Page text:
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Search Tips for Using the Cornell Electronic Directory

Search tips to help you find results quickly in the Cornell Electronic Directory

This article applies to: Alumni and Visitors , Faculty , Staff , Students

Finding someone in the Cornell Electronic Directory is very easy, since the search includes not only the name fields in the database, but department, nickname, NetID, and campus phone number as well. This means that as long as you know something about the person you're looking for, you will probably find him or her. The flip side of this is that it is possible to get hundreds of entries returned if your search is not specific enough. The following tips should help you quickly find the entry you're looking for.

Type in uppercase or lowercase letters. It doesn't matter.

The easiest way (and one of the fastest) to search for a person is by typing in the first few letters of their first name, a space, and the first few letters of their last name. For example "wil tra" will find William Q. Trazenstein.

The more specific you are, the shorter the list of search results will be. If your search returns only one match, you will be taken directly to the full listing for that match. If your search returns multiple matches, you will see a list of matches. You then get to the detailed listing for the one you want by clicking on the NetID.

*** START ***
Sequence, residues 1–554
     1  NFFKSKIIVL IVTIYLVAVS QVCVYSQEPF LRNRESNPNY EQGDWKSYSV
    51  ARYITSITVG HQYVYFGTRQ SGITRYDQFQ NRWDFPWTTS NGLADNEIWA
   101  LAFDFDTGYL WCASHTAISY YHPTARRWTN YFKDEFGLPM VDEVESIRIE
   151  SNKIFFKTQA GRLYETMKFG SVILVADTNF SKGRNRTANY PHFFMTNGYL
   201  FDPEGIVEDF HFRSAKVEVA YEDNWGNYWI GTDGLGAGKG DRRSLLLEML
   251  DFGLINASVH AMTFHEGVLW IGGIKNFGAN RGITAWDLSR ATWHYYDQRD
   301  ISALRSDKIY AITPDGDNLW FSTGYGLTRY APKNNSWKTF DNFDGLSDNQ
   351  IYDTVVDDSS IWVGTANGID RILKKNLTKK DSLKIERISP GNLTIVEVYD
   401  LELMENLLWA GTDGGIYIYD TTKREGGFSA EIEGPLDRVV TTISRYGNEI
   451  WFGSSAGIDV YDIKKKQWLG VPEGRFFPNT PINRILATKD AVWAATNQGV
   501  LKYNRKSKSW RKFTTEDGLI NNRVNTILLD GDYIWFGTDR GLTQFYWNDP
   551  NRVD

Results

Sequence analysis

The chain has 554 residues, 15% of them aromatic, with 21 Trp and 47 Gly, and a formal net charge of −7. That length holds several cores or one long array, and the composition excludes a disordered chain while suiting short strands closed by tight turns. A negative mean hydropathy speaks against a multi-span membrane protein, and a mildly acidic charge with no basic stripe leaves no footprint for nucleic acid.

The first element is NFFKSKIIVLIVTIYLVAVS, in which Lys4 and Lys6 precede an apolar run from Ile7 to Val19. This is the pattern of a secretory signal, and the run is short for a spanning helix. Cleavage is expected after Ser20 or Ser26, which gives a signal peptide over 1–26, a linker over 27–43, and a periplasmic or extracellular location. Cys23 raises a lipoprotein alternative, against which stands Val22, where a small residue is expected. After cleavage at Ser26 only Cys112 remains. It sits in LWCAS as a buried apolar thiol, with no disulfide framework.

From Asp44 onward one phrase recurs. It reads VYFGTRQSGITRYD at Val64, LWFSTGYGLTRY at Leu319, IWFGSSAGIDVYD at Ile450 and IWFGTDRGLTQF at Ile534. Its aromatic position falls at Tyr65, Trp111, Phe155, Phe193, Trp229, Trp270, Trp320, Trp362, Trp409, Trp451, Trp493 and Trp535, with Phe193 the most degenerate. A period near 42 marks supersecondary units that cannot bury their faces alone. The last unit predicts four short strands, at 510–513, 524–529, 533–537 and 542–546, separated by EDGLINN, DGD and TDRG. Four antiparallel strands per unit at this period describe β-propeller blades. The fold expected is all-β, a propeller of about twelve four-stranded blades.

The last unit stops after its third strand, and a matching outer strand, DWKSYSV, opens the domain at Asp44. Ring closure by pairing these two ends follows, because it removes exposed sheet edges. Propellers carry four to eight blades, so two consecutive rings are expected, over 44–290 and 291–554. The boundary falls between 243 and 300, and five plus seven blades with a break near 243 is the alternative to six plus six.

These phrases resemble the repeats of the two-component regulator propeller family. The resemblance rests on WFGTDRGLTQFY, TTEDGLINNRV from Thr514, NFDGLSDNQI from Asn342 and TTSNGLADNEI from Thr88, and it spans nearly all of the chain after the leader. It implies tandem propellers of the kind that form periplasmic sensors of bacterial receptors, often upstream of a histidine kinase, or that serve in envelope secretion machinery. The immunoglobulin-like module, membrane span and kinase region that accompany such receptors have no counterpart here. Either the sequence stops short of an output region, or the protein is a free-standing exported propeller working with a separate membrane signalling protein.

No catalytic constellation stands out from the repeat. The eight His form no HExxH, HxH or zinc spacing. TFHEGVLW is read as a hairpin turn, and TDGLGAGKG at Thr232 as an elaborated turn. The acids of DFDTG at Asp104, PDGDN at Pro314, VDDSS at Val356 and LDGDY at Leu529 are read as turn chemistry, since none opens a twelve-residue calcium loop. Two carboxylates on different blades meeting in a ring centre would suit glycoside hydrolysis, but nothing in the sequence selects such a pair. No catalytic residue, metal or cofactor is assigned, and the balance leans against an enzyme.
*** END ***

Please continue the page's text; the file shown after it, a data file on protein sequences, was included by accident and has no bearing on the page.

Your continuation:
• If you enter a series of letters followed by a number, only the NetID field is searched.
  • If what you enter contains a "@", then only the e-mail address fields are searched.
  • If what you enter is all numeric, the phone number fields are searched.
  • If you enter two sets of characters (for example, "wil tra"), it will try to match them both against the name and department fields.
  • An asterisk (*) acts as a wildcard, representing one or more characters in a search where you enter a single string of characters. Examples:

You enter

What you get includes
micr*imm anyone who works in any department with a name like "Microbiology and Immunology" or "Micromolecular Immunology"
ewe* Anyone whose NetID begins with "ewe", plus anyone with the letters "ewe" contained anywhere in their name, nickname, or department

The wildcard is useful in the first example, but if used as shown in the second example, will often result in extremely long searches.

Note: search results will be sorted:  
  1. people first (alphabetized by last name only)
  2. mailing lists
  3. special mailboxes


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